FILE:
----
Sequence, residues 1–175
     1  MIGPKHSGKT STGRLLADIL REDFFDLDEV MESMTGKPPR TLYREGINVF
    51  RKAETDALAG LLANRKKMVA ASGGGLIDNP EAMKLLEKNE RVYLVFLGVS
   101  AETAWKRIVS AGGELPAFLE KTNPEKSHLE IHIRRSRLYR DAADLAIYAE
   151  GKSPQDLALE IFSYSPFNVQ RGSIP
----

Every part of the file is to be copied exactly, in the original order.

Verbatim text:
Sequence, residues 1–175
     1  MIGPKHSGKT STGRLLADIL REDFFDLDEV MESMTGKPPR TLYREGINVF
    51  RKAETDALAG LLANRKKMVA ASGGGLIDNP EAMKLLEKNE RVYLVFLGVS
   101  AETAWKRIVS AGGELPAFLE KTNPEKSHLE IHIRRSRLYR DAADLAIYAE
   151  GKSPQDLALE IFSYSPFNVQ RGSIP